LOS ANGELES, June 11 (Xinhua) -- Family members of Jiang Yue, a Chinese exchange student killed in a road rage incident in Arizona two years ago, Monday urged judges to reject a plea agreement the local attorney's office offered to the murderer.
Gathering at the site where the 19-year-old were gunned down in January 2016, Jiang Yue's cousin Katherine Xu read a statement, saying: "Such a decision and approval of the plea bargain can not be, and is not reasonable and not fair. We, the Jiang family and our 10,000 supporters, do not believe it is acceptable to the legal system."
Jiang Yue's tragedy happened when she drove in the city of Tempe,Arizona, and was rear-ended by Holly Davis, who got off her vehicle, walked over to Jiang's car and opened fire. Jiang lost control when trying to drive away and crashed into another car carrying a family of five. Davis fled the scene and was later taken into custody by police.
Prosecutors initially sought to charge Davis on 14 criminal counts, including first degree murder, aggravated assault, disorderly conduct and endangerment. Davis pleaded not guilty to all the charges at the initial hearing in February 2016, and entered into a plea agreement in February this year.
Under the plea agreement, Davis, in her 30s, would face a 25-year sentence and up to 250,000 U.S. dollars in restitution in exchange for pleading guilty to second degree murder and dismissal of all the other charges, local Phoenix New Times reported.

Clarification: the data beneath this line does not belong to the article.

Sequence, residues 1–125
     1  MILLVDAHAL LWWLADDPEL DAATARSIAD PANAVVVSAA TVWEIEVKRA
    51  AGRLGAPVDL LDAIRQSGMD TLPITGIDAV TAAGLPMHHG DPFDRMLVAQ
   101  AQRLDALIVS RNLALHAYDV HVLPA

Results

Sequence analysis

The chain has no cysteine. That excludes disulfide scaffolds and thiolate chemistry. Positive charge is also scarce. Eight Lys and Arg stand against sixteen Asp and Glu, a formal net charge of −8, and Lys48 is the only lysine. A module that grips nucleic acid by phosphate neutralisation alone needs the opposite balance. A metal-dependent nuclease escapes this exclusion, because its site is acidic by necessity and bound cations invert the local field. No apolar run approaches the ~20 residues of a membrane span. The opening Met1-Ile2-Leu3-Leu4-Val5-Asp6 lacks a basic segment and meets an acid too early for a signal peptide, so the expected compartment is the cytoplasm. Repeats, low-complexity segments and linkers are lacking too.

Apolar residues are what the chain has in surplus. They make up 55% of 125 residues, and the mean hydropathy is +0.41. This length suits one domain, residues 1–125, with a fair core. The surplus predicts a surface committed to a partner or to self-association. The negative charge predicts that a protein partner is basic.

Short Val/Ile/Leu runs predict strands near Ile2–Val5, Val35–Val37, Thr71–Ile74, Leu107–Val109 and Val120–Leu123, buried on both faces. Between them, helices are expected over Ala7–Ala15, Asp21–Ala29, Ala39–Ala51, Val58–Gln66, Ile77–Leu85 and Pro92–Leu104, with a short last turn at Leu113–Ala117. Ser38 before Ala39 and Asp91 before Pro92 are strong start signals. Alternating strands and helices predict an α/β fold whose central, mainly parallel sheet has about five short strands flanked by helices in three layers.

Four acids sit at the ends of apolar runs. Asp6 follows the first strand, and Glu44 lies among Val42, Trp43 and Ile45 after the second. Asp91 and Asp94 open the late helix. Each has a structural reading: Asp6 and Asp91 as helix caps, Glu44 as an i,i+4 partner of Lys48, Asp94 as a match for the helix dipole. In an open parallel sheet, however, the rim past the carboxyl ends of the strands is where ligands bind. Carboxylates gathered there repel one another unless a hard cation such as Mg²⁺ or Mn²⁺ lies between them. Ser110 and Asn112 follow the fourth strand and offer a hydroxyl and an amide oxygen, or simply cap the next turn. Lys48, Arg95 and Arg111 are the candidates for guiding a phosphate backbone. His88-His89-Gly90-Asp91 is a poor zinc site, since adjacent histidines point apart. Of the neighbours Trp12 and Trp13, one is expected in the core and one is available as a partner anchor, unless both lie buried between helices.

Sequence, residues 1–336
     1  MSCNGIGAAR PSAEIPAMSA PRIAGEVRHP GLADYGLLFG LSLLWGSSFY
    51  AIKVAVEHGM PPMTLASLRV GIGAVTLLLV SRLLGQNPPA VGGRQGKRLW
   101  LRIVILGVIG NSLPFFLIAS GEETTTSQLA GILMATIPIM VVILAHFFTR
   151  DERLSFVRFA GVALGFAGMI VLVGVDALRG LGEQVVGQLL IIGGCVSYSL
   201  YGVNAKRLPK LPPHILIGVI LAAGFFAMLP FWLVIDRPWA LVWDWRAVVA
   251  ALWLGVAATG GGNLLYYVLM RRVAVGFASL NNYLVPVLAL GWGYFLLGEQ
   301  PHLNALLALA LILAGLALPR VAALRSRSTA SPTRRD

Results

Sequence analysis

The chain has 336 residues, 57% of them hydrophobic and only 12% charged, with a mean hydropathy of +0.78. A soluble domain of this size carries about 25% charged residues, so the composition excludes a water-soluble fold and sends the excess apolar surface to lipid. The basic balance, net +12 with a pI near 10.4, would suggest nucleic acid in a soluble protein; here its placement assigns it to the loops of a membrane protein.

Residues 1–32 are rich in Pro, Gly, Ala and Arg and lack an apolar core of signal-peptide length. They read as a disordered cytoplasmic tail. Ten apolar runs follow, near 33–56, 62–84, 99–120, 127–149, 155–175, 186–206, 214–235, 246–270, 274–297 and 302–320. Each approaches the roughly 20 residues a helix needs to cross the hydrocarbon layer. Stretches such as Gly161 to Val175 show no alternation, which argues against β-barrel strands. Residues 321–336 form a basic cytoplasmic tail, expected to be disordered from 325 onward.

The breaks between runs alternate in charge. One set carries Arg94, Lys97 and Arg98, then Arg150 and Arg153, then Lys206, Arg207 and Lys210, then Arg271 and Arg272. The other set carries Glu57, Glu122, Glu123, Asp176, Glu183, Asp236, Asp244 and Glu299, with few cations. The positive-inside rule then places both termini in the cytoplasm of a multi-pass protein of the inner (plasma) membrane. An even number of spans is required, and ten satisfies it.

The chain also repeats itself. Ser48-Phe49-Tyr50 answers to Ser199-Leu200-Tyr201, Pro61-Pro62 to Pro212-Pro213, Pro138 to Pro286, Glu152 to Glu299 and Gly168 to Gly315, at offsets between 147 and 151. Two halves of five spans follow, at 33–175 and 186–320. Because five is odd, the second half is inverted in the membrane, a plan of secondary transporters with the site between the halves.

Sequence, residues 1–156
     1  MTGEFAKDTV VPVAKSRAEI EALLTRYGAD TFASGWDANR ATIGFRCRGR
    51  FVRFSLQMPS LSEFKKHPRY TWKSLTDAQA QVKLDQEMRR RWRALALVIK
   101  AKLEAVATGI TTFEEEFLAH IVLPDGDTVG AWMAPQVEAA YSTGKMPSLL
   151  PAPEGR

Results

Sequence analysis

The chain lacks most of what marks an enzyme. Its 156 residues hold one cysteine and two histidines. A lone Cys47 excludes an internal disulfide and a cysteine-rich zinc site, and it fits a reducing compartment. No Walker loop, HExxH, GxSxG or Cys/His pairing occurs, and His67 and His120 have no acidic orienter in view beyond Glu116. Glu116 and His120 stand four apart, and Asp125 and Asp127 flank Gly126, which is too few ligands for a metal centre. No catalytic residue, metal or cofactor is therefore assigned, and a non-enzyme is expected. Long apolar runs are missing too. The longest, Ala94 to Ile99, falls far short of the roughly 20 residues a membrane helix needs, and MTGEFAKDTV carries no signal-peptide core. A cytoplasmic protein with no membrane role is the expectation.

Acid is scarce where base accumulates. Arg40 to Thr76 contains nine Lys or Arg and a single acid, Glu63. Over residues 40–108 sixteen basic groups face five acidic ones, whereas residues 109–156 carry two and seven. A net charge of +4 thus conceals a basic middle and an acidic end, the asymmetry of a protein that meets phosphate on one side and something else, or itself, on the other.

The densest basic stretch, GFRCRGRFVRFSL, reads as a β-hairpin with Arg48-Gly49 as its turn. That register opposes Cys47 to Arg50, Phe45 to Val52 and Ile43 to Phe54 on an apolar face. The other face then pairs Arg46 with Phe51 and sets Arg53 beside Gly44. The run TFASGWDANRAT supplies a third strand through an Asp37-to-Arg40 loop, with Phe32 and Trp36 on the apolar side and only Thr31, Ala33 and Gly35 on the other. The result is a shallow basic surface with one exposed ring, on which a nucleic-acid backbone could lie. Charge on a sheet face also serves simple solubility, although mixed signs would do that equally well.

However, Jiang Yue's family told Xinhua last Friday that the local attorney's office never informed them before the agreement was reached and they have evidence showing before the shooting that Davis had a handwritten note to her boyfriend indicating she would be on the news.
Jiang's family is set to meet with Judge Warrin Grandville Tuesday, who has not approved the plea agreement, to express their concerns. Meanwhile, Davis is scheduled to be sentenced on Friday.
The Maricopa County Attorney's Office issued a statement Monday, saying: "The Maricopa County Attorney's Office has complied with our state constitution's victims' bill of rights...and the pursuit of justice requires prosecutors to take into account the views and concerns of victims as well as the practical realities of the facts and circumstances of any given case."